Stem Cell Technology

From fantastic face and breast lifts to stunning success with repairing muscles, bones and cartilage, adult stem cells promise to revolutionize modern medicine. The good news: They are available right now. The better news: You already have them inside you.

In Tampa, a man who was told that not even surgery could restore his knee to full use is now playing baseball without pain. A woman in California no longer needs the hip operation she was scheduled for. Another man in New York has recovered completely from the rheumatoid arthritis in his hands that plagued him for years. A middle-aged woman in Texas whose face looked ravaged from aging now looks buoyantly youthful.

What do these people have in common, besides seemingly miraculous cures for their various complaints? All have benefited from the use of stem cells.

Stem cells, those magical, mystery bullets that were officially frowned on during the Bush Administration, are back—and this time they are launching a healing revolution that could change medicine forever. Already they are changing the face of cosmetic surgery, with scores of therapeutic applications not far behind.

 

A Fat-Astic Find

So what exactly are stem cells, and why are they so important? Stem cells are found in all multi-cellular organisms, humans included. They are a kind of undifferentiated prototype cell that can take on the identity of other cells. The ones most people are familiar with are embryonic stem cells, found in the unborn fetus, which become all the different organs of the body. It was the use of these controversial embryonic stem cells in research that enraged the pro-life community.

There is another kind, however—the adult stem cell—and this is what all the excitement is about. It’s been known for decades that all human organs have stem cells in them, and that these stem cells can act in the same chameleon way as embryonic stem cells. The problem was that the only way to acquire any of these cells was from bone marrow, a painful process that did not yield an abundance of them.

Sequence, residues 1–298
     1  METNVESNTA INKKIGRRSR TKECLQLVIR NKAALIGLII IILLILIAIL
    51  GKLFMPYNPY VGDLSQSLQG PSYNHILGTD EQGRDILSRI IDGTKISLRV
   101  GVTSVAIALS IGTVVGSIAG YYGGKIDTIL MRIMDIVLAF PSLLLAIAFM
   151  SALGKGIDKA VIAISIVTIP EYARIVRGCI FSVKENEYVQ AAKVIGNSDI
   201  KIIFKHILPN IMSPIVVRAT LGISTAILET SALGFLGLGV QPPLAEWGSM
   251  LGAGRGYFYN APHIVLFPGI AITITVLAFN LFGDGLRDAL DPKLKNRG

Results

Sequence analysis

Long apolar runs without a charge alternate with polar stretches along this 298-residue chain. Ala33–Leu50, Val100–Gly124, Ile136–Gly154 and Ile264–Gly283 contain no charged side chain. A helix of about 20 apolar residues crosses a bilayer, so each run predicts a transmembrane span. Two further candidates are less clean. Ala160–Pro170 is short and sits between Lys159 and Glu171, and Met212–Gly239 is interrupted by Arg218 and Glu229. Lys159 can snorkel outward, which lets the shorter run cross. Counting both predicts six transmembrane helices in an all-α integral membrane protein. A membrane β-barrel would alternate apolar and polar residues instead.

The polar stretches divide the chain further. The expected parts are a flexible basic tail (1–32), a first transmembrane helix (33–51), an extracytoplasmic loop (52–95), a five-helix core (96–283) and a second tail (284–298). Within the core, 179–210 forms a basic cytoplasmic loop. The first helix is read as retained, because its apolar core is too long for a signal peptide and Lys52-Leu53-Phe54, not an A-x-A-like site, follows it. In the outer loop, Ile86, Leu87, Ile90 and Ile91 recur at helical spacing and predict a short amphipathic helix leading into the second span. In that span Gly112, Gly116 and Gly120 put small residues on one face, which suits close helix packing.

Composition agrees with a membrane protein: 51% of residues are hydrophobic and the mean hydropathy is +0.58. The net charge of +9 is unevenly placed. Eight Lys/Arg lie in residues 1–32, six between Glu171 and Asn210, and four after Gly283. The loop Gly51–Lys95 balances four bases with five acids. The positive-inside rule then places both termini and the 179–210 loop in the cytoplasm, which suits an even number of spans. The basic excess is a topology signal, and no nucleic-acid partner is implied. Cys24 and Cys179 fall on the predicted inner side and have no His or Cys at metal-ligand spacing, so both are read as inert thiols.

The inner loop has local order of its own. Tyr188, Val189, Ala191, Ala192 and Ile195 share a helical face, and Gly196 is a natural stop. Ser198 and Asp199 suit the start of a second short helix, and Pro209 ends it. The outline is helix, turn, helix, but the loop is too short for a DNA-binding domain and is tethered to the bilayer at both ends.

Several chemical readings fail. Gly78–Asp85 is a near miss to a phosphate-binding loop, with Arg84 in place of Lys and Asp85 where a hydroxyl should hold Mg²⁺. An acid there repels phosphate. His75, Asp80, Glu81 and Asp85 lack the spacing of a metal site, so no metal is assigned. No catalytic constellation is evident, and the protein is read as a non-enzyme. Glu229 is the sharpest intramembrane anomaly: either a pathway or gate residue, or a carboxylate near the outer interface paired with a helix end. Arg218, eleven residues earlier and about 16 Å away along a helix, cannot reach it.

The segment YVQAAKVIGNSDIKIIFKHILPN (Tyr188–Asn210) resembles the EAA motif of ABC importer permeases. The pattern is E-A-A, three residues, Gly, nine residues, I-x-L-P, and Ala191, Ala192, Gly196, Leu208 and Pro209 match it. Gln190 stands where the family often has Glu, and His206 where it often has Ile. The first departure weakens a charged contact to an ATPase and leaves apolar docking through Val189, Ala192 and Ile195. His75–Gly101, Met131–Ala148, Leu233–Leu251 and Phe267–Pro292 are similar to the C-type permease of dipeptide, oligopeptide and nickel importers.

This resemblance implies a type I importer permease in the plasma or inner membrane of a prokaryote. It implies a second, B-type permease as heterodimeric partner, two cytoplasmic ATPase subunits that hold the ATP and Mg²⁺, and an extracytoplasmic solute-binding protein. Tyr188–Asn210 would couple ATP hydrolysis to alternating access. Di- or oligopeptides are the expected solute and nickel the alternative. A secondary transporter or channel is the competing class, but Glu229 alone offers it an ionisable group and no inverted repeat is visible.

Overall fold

Then, around ten years ago, a team of plastic surgeons at the University of Pittsburgh Medical Center discovered that there were a huge amount of stem cells in fat. With liposuction already popular at the time, it didn’t take long to figure out that, if you could just extract those stem cells from the fat, you could probably find a lot of good uses for them.

The discovery of all those fat or ‘adipose’ stem cells answered another question, which came from cosmetic surgeons who for years had been transplanting fat. The early advocates of what is called an ‘autologous fat graft’—meaning the fat comes from you—were reporting great success with breast augmentations, butt lifts and even facelifts. More incredibly, they were reporting improvements in the skin itself.

Sydney R. Coleman, MD, one of the early pioneers of the fat transfers, said he first began noticing the effect of fat grafts on skin in the 1980s. “Early on I noticed that the overall quality of the skin would improve—its volume and its color—with wrinkling decreased, and pores decreased in size.”

Nor was Dr. Coleman alone in his observations, shared by an increasing number of doctors today. “The long term effects on the skin are remarkable,” says Todd Malan, MD, who practices stem-cell fat transfers in Scottsdale, Ariz. “There is thickening of the skin, repair of solar damage and repair from aging—even the disappearance of stretch marks…. We are seeing remarkable healing capacity.”

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Rejuvenate, Repair, Rebuild

At the time Dr. Coleman first observed the phenomenon, however, he and other doctors could not explain it. “We thought it was the volume increase [from the fat] that reduced the wrinkles, or that the fat provided a physical barrier between the muscle and the skin,” he says. “But in fact it appears that the stem cells were the reason.”

After it was revealed that the fat was loaded with adult stem cells, doctors began figuring out ways to extract them, or at least concentrate them. Dr. Coleman developed a simple technique using a centrifuge, where the fat was spun around in a tube until it separated into layers. One layer of thick white fat was extremely rich in stem cells.

“I found I could exponentially increase the predictability of the results with the dense fat, because there were far more stem cells and growth factors,” says Dr. Coleman, which is another way of saying that this was the stuff that really worked.

That was about seven years ago. Flash forward to the present, and voilá, you have a whole cadre of pioneering doctors who are using stem-cell rich fat for facelifts, breast lifts and now, the more serious business of repairing broken and diseased body parts.

“Prior to 2001 we thought the only source of stem cells was bone marrow,” says R. Craig Saunders, MD, who practices outside of Dallas, Texas. “Since then [the discovery of ‘adipose’

stem cells] there has been a tendency to use fat as a volumizing agent, because the stem cells are reparative and regenerative.”

Even knowing that stem cells can repair and rebuild, Dr. Saunders says that when he first heard that adult stem cells could help restore heart muscles and other types of tissue, “I thought it was nonsense,” he says. Today his clinic uses stem cells for both cosmetic and therapeutic purposes. In particular he uses stem cells to repair sports related injuries, in which the stem cells regenerate the cartilage and bone damage.

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